Everyone wants to grab a fast food meal now and then, and there are certainly plenty of options for those moments. But, have you ever wondered why pasta is rarely an option when it comes to fast food? Many people love fast food, and plenty of people surely love pasta, so why do the two so rarely overlap? Sure –– there are a few fast food pasta chains out there like Noodles & Company or Fazoli's that boast offering Italian food at a moment's notice. By the same token, there are some go-to pizza chains that have gotten into the pasta game, themselves, like Domino's and Pizza Hut. Still, while there may be an option or two for grabbing pasta on the go depending on where you're located, there certainly aren't many to choose from. While pasta may be a classic comfort food, it hasn't worked its way into the fast food space the way other comfort foods have.
There's more than one reason why fast food pasta hasn't made it big like fast food burgers or burritos: For one thing, cooking pasta isn't as conducive to speed and making mass quantities at once as a burger might be. There may be ways to make pasta more quickly, but it can't be done with quite the ease of throwing a few burgers on the grill. Also, people don't think of pasta as fast food, and this can actually make selling it difficult.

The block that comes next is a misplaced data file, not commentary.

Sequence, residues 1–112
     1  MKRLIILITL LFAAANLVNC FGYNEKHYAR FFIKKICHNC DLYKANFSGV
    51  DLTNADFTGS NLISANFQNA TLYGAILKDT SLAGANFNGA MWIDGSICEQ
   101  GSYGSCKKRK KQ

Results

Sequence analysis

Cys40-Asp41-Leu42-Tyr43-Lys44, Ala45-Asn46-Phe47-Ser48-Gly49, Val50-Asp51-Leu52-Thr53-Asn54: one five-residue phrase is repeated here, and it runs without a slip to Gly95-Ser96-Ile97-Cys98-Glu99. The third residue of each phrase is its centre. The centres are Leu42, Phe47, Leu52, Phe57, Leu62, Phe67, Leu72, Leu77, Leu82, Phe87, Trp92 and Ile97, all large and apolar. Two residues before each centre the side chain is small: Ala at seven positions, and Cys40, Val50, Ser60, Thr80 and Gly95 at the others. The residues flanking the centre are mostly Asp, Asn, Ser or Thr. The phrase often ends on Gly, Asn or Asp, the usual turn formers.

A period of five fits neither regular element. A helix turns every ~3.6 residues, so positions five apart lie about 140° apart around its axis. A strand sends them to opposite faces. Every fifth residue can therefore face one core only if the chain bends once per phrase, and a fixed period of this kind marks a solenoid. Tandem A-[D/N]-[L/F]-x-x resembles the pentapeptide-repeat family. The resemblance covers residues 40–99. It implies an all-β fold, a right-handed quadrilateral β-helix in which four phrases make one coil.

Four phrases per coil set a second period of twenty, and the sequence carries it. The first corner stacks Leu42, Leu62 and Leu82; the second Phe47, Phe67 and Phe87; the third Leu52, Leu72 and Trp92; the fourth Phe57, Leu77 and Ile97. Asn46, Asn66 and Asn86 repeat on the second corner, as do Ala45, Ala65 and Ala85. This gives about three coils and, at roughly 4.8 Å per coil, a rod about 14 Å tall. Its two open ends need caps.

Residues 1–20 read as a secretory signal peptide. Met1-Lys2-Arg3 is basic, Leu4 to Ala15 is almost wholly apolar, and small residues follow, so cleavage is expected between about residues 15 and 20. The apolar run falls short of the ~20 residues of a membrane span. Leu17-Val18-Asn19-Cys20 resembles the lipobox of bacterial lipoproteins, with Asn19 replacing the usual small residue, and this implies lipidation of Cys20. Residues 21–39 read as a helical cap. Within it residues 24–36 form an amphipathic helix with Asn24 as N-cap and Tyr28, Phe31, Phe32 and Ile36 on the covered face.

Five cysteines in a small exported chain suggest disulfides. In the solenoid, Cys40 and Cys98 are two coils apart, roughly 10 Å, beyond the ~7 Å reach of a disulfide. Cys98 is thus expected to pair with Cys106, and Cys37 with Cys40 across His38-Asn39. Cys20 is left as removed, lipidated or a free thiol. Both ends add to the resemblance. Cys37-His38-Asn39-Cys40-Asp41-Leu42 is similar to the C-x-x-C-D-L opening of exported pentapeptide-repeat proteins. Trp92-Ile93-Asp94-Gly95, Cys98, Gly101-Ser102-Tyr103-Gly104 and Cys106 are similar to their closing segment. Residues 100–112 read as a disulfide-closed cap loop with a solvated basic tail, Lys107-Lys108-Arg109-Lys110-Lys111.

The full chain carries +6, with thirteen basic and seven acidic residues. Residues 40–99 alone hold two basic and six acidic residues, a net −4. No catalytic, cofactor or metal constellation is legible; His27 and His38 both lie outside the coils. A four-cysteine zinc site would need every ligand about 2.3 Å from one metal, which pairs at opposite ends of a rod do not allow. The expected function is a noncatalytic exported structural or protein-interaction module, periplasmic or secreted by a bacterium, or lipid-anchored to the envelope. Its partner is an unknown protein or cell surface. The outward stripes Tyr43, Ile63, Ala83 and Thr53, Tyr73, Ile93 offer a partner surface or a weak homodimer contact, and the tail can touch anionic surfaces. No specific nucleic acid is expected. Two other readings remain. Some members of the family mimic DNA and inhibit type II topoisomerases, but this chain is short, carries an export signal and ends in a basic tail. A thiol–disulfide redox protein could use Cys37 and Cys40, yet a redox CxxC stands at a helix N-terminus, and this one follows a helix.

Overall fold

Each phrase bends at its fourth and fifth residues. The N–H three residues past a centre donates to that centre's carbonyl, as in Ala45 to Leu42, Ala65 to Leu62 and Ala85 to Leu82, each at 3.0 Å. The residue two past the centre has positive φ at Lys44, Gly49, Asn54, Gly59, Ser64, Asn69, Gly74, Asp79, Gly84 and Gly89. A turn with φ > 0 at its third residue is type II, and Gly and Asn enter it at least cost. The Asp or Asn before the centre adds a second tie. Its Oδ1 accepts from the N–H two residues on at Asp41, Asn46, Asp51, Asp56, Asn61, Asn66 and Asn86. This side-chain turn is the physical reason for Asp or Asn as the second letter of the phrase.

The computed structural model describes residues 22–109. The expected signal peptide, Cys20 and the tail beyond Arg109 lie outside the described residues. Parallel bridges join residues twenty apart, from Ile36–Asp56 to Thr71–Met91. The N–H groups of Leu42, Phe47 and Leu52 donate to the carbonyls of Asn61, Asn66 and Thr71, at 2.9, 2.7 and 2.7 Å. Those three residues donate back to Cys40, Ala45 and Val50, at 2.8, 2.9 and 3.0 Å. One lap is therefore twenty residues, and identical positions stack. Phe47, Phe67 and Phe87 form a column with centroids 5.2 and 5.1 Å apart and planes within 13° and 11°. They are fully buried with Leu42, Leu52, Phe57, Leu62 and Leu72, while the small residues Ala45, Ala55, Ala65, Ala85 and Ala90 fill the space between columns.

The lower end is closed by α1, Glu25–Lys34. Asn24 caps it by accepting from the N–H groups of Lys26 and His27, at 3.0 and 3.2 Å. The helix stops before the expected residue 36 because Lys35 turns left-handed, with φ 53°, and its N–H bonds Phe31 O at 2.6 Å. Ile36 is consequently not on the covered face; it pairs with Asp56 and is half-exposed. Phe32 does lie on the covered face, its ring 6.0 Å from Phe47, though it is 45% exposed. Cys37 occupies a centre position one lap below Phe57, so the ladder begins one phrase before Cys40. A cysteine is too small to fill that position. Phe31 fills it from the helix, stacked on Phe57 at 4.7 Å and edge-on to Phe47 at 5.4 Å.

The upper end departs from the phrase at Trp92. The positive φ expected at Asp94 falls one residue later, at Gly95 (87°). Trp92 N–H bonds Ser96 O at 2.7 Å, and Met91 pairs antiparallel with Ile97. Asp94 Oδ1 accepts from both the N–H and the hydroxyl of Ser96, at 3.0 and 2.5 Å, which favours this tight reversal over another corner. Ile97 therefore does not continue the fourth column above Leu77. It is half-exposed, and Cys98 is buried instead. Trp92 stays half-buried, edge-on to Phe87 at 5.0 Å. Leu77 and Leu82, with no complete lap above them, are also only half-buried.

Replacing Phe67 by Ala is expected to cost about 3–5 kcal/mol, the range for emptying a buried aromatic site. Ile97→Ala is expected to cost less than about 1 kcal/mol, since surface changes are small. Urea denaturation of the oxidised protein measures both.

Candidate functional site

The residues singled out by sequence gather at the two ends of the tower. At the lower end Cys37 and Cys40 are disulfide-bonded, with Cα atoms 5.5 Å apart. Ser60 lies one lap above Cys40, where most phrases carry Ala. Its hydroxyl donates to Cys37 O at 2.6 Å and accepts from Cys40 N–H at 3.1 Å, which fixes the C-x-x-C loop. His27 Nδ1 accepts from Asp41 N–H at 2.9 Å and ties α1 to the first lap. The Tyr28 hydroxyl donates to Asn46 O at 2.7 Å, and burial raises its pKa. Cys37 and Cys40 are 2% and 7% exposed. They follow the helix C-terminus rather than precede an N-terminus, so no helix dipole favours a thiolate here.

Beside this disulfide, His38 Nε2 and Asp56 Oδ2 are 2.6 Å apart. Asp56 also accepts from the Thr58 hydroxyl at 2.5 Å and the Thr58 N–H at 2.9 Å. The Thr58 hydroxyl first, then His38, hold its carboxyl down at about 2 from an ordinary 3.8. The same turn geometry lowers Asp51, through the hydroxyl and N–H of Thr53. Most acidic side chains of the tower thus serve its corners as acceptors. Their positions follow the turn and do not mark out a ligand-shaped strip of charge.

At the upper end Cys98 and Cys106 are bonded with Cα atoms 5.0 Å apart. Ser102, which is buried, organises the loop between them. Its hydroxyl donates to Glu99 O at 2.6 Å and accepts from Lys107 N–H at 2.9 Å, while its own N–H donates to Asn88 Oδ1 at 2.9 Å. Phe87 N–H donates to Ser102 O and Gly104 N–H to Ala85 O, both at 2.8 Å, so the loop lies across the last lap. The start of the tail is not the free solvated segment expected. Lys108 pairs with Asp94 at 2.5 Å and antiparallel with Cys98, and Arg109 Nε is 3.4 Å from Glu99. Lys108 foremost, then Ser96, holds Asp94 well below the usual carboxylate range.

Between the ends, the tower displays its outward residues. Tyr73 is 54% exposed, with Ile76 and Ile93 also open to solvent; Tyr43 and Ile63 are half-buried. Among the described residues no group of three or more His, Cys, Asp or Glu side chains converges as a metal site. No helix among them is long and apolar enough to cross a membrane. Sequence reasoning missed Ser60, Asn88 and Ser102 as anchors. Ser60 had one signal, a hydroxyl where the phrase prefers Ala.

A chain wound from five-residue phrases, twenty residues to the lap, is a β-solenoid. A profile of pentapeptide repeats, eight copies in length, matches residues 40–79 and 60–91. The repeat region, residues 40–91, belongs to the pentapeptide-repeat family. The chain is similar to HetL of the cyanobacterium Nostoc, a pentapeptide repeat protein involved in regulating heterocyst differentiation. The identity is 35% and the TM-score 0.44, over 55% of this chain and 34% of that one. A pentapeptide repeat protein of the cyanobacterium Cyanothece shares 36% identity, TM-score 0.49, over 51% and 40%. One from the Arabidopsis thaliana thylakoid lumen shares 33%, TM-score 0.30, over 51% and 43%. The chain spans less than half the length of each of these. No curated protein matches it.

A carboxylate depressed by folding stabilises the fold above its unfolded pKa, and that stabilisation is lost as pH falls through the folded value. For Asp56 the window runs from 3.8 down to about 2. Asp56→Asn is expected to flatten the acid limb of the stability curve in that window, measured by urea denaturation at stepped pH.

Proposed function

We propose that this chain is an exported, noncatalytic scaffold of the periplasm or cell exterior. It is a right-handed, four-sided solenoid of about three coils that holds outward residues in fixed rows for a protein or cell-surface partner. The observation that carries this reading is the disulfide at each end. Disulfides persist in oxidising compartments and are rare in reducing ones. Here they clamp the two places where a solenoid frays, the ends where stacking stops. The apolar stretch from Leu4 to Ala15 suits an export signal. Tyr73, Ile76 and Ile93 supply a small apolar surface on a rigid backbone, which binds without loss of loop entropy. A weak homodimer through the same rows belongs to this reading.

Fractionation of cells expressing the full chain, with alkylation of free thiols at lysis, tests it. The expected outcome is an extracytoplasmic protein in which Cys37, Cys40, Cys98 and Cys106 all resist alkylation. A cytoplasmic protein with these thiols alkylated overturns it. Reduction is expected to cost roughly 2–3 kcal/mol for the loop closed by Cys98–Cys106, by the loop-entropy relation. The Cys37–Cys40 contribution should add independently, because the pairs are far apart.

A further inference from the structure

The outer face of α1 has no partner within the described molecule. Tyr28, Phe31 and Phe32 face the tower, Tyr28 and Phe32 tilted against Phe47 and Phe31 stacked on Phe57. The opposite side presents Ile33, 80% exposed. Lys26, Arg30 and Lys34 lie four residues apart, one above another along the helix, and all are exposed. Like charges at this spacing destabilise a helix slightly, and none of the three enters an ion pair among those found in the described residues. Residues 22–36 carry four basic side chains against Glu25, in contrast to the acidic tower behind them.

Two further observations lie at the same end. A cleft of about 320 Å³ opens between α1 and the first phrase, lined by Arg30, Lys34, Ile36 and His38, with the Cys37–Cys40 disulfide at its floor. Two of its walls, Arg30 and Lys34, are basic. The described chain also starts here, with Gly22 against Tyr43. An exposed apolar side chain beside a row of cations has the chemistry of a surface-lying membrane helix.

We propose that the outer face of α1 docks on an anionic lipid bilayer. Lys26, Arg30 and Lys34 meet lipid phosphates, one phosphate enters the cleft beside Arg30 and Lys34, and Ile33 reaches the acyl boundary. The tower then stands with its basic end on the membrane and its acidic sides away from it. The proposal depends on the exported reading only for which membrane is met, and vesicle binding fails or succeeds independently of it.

Why Pasta And Fast Food Don't Mix
Changing opinions about how and when a popular food should be consumed can be difficult. Consequently, as appreciation for fast-casual restaurants like Chipotle or Shake Shack has grown, pasta has remained an outsider. Food writer and director of Food Studies Initiatives at the New School, Fabio Parasecoli, explained to Eater, "There is the sense that Italian restaurants come out of family. That there are people cooking for you. It's somewhat of a personal experience." He adds that eating family-style in an Italian restaurant is "part of the fun, the fact that you get a huge portion of pasta to be shared at the table." While this may seem like it would be easy enough for folks to be open-minded about, it seems that it isn't so easy, after all. Pasta Flyer, a restaurant aiming to spearhead pasta's big foray into fast casual dining, closed in 2018 just a year after opening.
The price of making pasta that's actually good isn't ideal for fast food, either. While pasta itself is cheap, according to restaurant owner, Rick Gencarelli, "as soon as you put Parmesan cheese and a little bit of braised pork and some good tomatoes and olive oil and some sea salt, all of a sudden you're not at the fast-casual price point anymore" (via Eater). Plenty of restaurant owners hope to give us access to fast food pasta, so here's hoping that they'll succeed. Who wouldn't want more ways to eat pasta, anyway?
Read the original article on Mashed.